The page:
Missouri River Institute Studies Backwater Restoration Effects on Biodiversity

Several faculty associated with the Missouri River Institute (MRI) at the University of South Dakota are part of a new $30,000 grant funded by the National Park Service to study the impact of a backwater restoration project on plant and animal biodiversity on the 59-mile District of the Missouri National Recreational River.

The National Park Service owns property at Bow Creek Recreation Area, near Wynot, Nebraska, and will be restoring a backwater area at this property during the fall of 2018. The restoration project will involve excavation of a former backwater channel to reconnect it with the Missouri River along with seeding of terrestrial and aquatic plants along the restored backwater area.

Backwaters are wetlands that are connected to the river, but are not in the river channel proper. These habitats provide important low-velocity habitats that are crucial for river biodiversity, especially for use as nursery habitats for fish and amphibians. Because of the changes in river flow regulation by the upstream dams on the Missouri River, the occurrence and extent of off-channel habitats, such as backwaters, has been greatly reduced. Many former backwaters have lost their connection with the river channel so that they cannot serve the critical nursery function, especially for river fish. The research project will assist with an understanding of how plants and animals respond to the restoration of a critical backwater area along the river.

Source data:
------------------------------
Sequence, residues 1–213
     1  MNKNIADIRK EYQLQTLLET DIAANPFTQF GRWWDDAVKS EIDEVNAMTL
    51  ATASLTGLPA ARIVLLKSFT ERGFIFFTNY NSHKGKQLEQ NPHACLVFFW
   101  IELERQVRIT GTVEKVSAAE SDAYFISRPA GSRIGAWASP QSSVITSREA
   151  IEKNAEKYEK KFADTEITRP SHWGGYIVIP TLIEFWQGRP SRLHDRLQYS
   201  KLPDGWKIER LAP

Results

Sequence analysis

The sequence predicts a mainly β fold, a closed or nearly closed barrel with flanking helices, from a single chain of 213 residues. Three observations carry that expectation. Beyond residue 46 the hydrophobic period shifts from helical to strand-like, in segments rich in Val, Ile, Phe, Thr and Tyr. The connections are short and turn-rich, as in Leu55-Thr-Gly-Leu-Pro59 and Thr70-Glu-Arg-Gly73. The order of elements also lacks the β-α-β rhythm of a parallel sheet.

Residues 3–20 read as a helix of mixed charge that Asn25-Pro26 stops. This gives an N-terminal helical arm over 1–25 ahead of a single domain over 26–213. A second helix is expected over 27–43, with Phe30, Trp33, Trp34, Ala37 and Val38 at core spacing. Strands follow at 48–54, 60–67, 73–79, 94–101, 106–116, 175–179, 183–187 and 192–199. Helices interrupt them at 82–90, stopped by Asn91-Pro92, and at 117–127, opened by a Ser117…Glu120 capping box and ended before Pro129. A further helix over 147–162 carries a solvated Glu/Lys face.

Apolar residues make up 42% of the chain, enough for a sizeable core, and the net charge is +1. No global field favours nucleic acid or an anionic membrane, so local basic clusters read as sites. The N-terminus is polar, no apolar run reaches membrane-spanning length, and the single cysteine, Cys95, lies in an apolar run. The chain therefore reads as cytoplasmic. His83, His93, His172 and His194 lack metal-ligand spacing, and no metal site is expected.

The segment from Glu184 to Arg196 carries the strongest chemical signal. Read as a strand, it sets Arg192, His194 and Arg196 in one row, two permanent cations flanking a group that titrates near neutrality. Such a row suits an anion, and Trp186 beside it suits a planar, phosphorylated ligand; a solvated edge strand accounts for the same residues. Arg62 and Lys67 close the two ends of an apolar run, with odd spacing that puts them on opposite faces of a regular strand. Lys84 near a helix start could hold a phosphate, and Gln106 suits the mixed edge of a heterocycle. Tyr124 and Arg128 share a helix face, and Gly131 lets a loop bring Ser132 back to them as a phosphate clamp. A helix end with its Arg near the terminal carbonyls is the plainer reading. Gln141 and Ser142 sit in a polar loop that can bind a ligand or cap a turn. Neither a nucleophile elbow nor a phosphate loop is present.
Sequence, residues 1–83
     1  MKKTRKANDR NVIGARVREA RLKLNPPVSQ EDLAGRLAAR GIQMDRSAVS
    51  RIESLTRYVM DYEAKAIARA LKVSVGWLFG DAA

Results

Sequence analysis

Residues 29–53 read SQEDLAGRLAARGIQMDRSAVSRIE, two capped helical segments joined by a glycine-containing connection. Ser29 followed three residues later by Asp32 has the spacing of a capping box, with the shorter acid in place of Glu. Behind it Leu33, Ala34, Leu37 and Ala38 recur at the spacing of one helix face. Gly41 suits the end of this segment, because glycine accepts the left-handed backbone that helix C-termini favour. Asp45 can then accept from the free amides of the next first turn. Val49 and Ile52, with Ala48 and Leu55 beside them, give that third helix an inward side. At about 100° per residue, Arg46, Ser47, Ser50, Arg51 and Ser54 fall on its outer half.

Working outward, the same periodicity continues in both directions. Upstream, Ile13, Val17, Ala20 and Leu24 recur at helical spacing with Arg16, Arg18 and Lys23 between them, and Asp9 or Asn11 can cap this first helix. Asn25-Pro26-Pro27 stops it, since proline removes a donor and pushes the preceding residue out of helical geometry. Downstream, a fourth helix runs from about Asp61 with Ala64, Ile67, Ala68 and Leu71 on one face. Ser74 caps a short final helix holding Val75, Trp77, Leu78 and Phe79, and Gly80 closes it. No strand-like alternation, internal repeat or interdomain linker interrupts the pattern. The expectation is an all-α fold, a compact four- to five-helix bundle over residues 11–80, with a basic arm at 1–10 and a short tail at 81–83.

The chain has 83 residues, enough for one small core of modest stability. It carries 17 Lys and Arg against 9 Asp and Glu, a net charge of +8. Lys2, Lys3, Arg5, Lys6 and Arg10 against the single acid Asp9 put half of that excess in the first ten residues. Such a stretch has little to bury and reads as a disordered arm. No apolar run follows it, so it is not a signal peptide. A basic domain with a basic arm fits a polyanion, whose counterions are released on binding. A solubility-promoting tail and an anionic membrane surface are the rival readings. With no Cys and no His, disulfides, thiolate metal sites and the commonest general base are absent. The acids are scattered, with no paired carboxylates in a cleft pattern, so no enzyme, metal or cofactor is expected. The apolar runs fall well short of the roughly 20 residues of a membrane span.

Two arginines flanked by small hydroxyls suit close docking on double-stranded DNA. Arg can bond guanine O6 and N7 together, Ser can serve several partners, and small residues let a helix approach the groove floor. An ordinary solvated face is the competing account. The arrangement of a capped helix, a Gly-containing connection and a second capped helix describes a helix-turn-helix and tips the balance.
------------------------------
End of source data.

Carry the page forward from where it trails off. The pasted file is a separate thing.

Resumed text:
MRI faculty Jeff Wesner, Mark Dixon and David Swanson, along with some undergraduate student field technicians, will work with National Park Service-Missouri National Recreational River biologists to sample aquatic and terrestrial plant, aquatic invertebrate, fish and amphibian populations in and around the backwater before and after the restoration project. Sampling will be conducted during the summer of 2018 to gather pre-restoration biodiversity measurements and again in the summer of 2019 for post-restoration biodiversity measurements. The project will also capitalize on the current cooperative internship program between the MRI and the MNRR to use the interns for the pre-restoration data collection.

ABOUT THE COLLEGE OF ARTS & SCIENCES

USD's College of Arts & Sciences offers students a top-notch undergraduate liberal arts education in the humanities, social sciences and sciences as well as graduate programs that have earned USD distinction as a research university by the Carnegie Foundation. The college's more than 22,000 alumni include famous journalists, Hollywood screenwriters, novelists, a Nobel Prize winner, South Dakota governors, attorneys, physicians, justices of the state Supreme Court, distinguished university faculty and international humanitarians.

ABOUT USD

Founded in 1862 and the first university in the Dakotas, the University of South Dakota is the only public liberal arts university in the state, with 205 undergraduate and 73 graduate programs in the College of Arts & Sciences, School of Education, School of Law, Sanford School of Medicine, School of Health Sciences, Beacom School of Business and College of Fine Arts. With an enrollment of more than 10,000 students and more than 400 faculty, USD has a 17:1 student/faculty ratio, and it ranks among the best in academics and affordability. USD’s 18 athletic programs compete at the NCAA Division I level.

PRESS CONTACT

Michelle Cwach
605-658-6270
usdnews@usd.edu
@usd
USD News